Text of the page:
Prolific East-Coaster Lucy Maud Montgomery didn’t live to see her many works of fiction turned into successful TV series, but her writing has helped shape both Canadian fiction and cinema for decades. Montgomery’s 1926 novel The Blue Castle focuses on 29 year-old Valancy, who rebels against her parent’s distrust of happiness. After being diagnosed with a terminal heart ailment, Valancy decides to strike out on her own and find happiness and colour wherever she can. The novel has been adapted as a stage production twice, with one version as a musical.
Author: Lawrence Hill
In 2015, Newmarket-born writer Lawrence Hill saw his 2007 novel The Book Of Negroes go from winning the Commonwealth Prize to becoming a six-part mini series. Hill’s latest book The Illegal was optioned for film before it’s release, but fans have yet to see the story of fictional marathon runner Keita Ali make it to either the big or small screen. Considering the huge success of both the book and TV series of The Book of Negroes, we would love to see The Illegal also make its way to the small screen.
THE WAY THE CROW FLIES
Author: Ann-Marie MacDonald
Toronto-based author, playwright and TV host Ann-Marie MacDonald was born on an air force base in Germany and spent most of her childhood in Canada. Taking inspiration from her formative years, as well as from the infamous Steven Truscott case, MacDonald wrote her 2003 novel The Way The Crow Flies. Set at a RCAF base in Ontario in the 1960s, the Scotiabank Giller Prize-winning novel follows nine-year-old Madeline, whose classmate is brutally murdered. Twenty-years later, Madeline revisits the case and finds it opening old wounds, with her suspicion growing that the police arrested the wrong person.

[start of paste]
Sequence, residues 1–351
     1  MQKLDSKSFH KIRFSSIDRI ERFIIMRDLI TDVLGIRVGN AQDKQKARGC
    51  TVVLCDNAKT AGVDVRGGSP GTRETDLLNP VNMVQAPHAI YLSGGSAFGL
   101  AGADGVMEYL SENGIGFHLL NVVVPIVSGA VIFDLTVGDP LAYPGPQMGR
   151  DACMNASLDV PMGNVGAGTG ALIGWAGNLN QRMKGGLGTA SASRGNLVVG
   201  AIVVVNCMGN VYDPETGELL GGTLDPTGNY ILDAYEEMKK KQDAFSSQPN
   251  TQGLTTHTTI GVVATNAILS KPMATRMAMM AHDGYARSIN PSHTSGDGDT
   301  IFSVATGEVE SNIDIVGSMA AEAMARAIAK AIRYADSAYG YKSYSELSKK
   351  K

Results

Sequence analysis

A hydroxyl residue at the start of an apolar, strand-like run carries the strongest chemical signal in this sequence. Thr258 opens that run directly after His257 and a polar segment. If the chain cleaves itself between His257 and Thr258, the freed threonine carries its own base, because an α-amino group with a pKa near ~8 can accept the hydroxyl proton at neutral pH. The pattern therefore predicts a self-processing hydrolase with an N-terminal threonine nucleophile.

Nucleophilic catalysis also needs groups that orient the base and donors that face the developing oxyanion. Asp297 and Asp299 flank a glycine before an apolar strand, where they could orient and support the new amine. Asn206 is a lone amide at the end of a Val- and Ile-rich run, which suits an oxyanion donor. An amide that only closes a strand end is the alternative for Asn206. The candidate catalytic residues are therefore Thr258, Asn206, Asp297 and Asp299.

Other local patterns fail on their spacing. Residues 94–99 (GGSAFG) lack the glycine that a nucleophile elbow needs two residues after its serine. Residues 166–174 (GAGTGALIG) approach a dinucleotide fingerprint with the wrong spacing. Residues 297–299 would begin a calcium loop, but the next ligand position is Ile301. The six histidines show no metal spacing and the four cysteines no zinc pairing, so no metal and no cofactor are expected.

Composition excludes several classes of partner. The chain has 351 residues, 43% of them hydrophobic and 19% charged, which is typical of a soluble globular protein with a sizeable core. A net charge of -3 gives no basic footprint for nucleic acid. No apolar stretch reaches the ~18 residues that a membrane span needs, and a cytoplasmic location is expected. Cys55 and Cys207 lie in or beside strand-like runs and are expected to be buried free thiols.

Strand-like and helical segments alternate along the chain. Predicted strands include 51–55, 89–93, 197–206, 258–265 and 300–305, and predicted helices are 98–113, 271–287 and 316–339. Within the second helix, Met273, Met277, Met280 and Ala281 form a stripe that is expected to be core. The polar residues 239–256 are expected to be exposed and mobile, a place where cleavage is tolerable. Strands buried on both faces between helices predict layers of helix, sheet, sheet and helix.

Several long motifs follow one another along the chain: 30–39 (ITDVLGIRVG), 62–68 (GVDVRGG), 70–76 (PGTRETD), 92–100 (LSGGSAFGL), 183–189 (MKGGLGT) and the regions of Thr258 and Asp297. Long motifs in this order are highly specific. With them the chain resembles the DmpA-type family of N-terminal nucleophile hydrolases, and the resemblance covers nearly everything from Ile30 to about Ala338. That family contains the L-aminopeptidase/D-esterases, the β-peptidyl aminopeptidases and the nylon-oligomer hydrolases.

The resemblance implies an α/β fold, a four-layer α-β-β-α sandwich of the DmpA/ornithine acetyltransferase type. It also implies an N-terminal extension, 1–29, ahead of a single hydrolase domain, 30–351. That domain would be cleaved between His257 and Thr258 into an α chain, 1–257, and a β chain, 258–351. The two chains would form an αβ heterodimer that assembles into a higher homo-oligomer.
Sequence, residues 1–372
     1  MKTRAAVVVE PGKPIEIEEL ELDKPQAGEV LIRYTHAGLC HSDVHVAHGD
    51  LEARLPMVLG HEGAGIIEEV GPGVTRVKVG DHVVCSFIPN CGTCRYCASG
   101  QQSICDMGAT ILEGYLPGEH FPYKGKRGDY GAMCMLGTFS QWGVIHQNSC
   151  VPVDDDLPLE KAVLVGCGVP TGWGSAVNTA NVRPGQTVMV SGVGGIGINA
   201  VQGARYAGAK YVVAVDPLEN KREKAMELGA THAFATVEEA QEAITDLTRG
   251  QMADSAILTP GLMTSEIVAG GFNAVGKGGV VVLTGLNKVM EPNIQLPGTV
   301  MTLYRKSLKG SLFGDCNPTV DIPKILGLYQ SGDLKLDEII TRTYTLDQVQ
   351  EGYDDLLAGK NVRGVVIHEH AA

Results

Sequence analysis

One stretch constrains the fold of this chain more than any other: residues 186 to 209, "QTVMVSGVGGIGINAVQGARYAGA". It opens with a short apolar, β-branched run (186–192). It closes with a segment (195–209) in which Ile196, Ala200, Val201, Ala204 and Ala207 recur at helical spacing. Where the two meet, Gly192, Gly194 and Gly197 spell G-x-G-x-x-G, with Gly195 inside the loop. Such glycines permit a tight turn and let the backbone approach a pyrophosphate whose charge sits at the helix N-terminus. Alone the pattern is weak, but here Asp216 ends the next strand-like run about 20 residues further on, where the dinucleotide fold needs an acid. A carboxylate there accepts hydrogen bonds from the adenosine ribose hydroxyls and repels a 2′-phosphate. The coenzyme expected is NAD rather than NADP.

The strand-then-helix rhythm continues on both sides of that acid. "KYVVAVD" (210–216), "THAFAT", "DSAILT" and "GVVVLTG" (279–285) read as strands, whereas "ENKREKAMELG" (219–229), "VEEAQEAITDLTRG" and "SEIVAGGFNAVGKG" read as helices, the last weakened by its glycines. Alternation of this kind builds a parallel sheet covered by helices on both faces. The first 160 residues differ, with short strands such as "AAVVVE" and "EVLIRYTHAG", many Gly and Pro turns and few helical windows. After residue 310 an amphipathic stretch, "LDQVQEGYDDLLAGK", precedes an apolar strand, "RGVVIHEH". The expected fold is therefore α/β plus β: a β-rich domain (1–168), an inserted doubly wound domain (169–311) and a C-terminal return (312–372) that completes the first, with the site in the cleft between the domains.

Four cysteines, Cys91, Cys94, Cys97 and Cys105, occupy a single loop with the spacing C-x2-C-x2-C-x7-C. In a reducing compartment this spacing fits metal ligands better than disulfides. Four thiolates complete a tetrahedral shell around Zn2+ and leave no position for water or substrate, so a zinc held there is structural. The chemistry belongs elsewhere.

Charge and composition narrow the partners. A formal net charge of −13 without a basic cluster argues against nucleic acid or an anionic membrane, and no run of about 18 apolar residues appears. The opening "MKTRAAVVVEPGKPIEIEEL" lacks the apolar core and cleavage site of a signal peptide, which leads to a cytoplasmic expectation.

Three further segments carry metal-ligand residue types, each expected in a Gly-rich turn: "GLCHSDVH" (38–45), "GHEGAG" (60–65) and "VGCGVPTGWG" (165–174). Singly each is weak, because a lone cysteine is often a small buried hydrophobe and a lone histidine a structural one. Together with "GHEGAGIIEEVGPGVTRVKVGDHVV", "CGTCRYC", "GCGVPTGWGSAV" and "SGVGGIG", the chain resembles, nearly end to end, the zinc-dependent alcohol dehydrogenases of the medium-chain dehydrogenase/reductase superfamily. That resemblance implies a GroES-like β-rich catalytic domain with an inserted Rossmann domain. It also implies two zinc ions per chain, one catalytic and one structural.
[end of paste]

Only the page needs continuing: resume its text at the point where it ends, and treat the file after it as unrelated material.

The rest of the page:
THE LONELY HEARTS HOTEL
Author: Heather O’Neill
Montreal-based writer Heather O’Neill has made her hometown a main character in all her major novels, including her 2006 debut Lullabies For Little Criminals, which won Canada Reads in 2007 and was shortlisted for a number of awards, including the Governor General’s Award. With her latest novel, 2017’s The Lonely Hearts Hotel, O’Neill’s beautiful, macabre, poetic pen allows readers to immerse themselves in Depression-era Montreal, living vicariously through the eyes of two orphans who fall in love and share a gift for performing.
AFTER THE WAR
Author: Carol Matas
Winnipeg-based writer Carol Matas is an award-winning author of Young Adult books, with many of her novels set around the Jewish experience in World War II Germany. Matas has been nominated for the Governor General’s award twice, including for her 1997 novel After The War. The story centres on 15 year-old Ruth, the sole surviving member of her family to return to her hometown in Poland after the end of WWII. Met with disdain by her former neighbors, Ruth joins the underground resistance group ‘Brichah,’ helping to liberate a group of undocumented children to Eretz Isreal. Much like Atwood’s The Handmaid’s Tale, Matas’ tale of young people embarking on dangerous journeys to find a peaceful home resonates all too well today.
Starting July 28, the groundbreaking first season of The Handmaid’s Tale will be available on CraveTV. Be sure to check out more amazing titles coming to CraveTV this month.